The Department of Food Science and Nutrition presents its fall 2023 seminar series featuring guest speaker Bradley Bolling, associate professor and the Fritz Friday Chair for Vegetable Processing Research in the Department of Food Science at the University of Wisconsin-Madison, who will give a presentation on “Aronia Berry Bioactives: From Field to Function.” This seminar is open to the public and will take place on Zoom from 12:45–1:45 p.m. on Thursday, November 30.
Aronia berry (aka chokeberry) is an underutilized polyphenol-rich berry cultivated in the northern United States. Our research group has been working to understand how cultivation impacts fruit quality. Aronia berry bioactives are extensively metabolized and exhibit high inter-individual variability in bioavailability. Aronia consumption may improve consumer health by reducing cholesterol, inflammation and oxidative stress. Our group has been working to understand how aronia improve intestinal barrier function and modulates T cell function. These studies suggest that modulation of gut mucosal immune function is an important step in reducing chronic inflammation.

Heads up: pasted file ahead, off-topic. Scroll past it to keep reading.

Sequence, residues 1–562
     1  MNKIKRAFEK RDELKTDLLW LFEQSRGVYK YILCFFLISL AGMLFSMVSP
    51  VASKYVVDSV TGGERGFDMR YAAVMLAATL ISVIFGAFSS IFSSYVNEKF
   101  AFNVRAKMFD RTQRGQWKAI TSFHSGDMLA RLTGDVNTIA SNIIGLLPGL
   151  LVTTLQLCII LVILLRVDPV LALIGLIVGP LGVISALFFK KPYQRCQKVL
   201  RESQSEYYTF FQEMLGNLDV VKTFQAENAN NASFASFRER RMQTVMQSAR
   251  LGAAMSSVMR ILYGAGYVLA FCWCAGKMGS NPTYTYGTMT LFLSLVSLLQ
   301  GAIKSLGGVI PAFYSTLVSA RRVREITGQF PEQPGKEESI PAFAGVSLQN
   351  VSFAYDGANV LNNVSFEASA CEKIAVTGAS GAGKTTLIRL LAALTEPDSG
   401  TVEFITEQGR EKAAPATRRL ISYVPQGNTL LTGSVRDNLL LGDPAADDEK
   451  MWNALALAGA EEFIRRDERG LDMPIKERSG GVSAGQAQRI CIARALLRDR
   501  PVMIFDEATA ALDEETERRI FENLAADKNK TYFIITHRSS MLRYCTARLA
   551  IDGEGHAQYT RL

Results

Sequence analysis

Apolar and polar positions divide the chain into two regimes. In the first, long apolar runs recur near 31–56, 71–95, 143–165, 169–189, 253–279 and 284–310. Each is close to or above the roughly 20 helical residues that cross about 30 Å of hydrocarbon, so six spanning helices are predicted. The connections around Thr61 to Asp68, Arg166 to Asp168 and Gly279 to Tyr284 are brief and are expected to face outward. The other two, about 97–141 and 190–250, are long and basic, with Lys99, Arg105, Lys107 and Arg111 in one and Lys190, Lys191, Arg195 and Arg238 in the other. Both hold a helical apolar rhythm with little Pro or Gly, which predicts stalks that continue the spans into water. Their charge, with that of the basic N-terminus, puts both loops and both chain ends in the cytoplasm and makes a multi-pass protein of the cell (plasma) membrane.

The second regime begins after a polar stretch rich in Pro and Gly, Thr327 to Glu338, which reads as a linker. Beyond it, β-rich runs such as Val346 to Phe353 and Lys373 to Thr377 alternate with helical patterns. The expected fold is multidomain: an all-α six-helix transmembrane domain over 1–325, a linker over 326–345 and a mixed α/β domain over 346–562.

Bradley Bolling is an associate professor and the Fritz Friday Chair for Vegetable Processing Research in the Department of Food Science at the University of Wisconsin-Madison. He earned undergraduate and Ph.D. degrees in food science at UW-Madison and received his postdoctoral training in Nutritional Sciences at the Jean Mayer Human Nutrition Research Center on Aging at Tufts University through the Training in Education and Critical Research Skills (TEACRS) Program, a National Institutes of Health K12 Institutional Research and Career Development Award (IRACDA) Program. Bolling’s research focus is on determining the role of foods and food bioactives in preventing chronic diseases. His current research goals are to characterize how interindividual variability in metabolic pathways of dietary bioactives influences efficacy of dietary interventions; characterize the ability of foods and bioactives to prevent chronic inflammation associated with obesity and auto-immune disease; and determine the abundance and variability of bioactive components in the food supply. He is presently utilizing human intervention studies, cellular studies, and animal models to accomplish these objectives. Bolling is a scientific editor for the Journal of Food Science, associate editor for Nutrition Research, and chair of the International Society for Nutraceuticals and Functional Foods. He teaches graduate and undergraduate courses in the Department of Food Science, including Food Preservation, Advanced Food Chemistry, and Food Bioactives. His group website is: https://bolling.foodsci.wisc.edu/